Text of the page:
Lastly, the courts have drawn a distinction based on the subject matter of the art work. They will take a stricter approach for subject matter that is a concept or idea which exists only in someone’s head, as compared with subject matter which represents something that actually exists – like a human body or the Sydney Harbour Bridge. This is because ‘real’ subject matter is less original and therefore less distinctive of the original artwork. This does not mean you can copy artworks which are based on ‘real’ subject matter. Rather, it means that if you copy only the subject matter of an artwork this is less likely to amount to the taking of a ‘substantial part’, especially if it is ‘real’ subject matter.
A few other points:
If someone comes up with a work identical to yours independently (eg. they have never even seen or heard of your work) this will not be copyright infringement because they will not have copied.
If someone is found to have copied a substantial part of your artwork this may amount to an infringement of your moral rights as well as your copyright. If your contribution, as author of the original work, is not recognised this could be infringement of your right of attribution. And if the copier passes her or himself off as the author of your work then this will be an infringement of your right not to have your work falsely attributed. Lastly, if your work is subjected to derogatory treatment, for instance by being cropped or tinted or distorted in some other way, this may be an infringement of your right of integrity in your artworks.
Only the copyright owner or the exclusive licensee of the copyright in a work can take legal action for copyright infringement. Generally, copyright will belong to the artist or author of a work (or their employer if they created the work in the course of employment). A copyright is separate from the actual artwork and can only be assigned (sold) or exclusively licensed in writing signed by the copyright owner. In most cases, the purchasers of visual artworks, like paintings, do not acquire the copyright when they buy the artwork. Accordingly, artwork owners usually cannot take legal action to stop other people from making copies of it – only the artist, being the copyright owner, can do this.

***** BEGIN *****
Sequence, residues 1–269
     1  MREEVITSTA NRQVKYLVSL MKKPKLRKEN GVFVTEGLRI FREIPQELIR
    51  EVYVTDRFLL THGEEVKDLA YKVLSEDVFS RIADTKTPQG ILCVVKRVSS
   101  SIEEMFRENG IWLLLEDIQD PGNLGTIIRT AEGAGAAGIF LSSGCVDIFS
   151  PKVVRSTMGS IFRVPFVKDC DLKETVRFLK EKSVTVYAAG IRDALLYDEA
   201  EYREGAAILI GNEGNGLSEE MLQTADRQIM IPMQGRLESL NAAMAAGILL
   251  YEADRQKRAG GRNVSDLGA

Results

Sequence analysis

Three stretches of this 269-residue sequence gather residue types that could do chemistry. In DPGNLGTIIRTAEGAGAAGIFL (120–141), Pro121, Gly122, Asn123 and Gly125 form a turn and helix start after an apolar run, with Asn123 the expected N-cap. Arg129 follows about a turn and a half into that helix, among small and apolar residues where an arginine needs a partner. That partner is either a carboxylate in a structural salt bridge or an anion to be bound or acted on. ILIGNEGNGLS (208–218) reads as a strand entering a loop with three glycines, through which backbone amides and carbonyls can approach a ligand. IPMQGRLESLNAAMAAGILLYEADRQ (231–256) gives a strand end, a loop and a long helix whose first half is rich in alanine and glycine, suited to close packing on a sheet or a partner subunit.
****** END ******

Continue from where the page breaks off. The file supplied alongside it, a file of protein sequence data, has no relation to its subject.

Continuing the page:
- This analysis has been applied to a visual arts setting, however the same principles apply in relation to other arts and copyright works like music, writing and film.
As always, if you are concerned about copyright infringement you should seek further legal advice.
So far we have considered the copying of a style only from a copyright point of view. In Part 2 we will consider the availability of other causes of action like passing off and misleading and deceptive conduct. Watch out for Part 2 in a future edition of ART+law!
 Cummins v Vella  FCAFC 218, 16 July 2002.
 This consideration made a critical difference in a recent case where the Court held that Telstra’s copyright in its telephone directories had been infringed by another company who copied the names, addresses and telephone numbers from the directories. The time and money Telstra invested into creating their telephone directories was an important basis for the Court’s finding of infringement in that case. However, it should be noted that this was not a case about whether the part taken was substantial but rather whether the list of names was original enough to attract copyright in the first place.